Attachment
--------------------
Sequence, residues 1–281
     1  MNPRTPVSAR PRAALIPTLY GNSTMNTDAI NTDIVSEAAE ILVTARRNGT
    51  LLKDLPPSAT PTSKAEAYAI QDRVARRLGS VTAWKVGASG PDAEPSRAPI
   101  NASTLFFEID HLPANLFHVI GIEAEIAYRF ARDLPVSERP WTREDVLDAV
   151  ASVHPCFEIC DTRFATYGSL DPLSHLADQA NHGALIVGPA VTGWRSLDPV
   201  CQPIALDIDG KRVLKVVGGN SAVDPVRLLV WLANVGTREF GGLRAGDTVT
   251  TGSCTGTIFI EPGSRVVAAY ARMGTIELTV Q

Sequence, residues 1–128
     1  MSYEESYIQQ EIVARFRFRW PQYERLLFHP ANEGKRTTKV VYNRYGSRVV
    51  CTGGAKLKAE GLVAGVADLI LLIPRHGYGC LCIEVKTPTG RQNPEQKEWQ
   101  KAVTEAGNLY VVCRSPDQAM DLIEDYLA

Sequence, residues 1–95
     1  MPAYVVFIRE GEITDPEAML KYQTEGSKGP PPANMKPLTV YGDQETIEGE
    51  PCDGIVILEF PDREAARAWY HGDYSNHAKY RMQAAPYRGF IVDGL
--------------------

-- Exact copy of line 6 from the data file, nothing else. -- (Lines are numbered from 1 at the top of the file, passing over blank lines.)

   201  CQPIALDIDG KRVLKVVGGN SAVDPVRLLV WLANVGTREF GGLRAGDTVT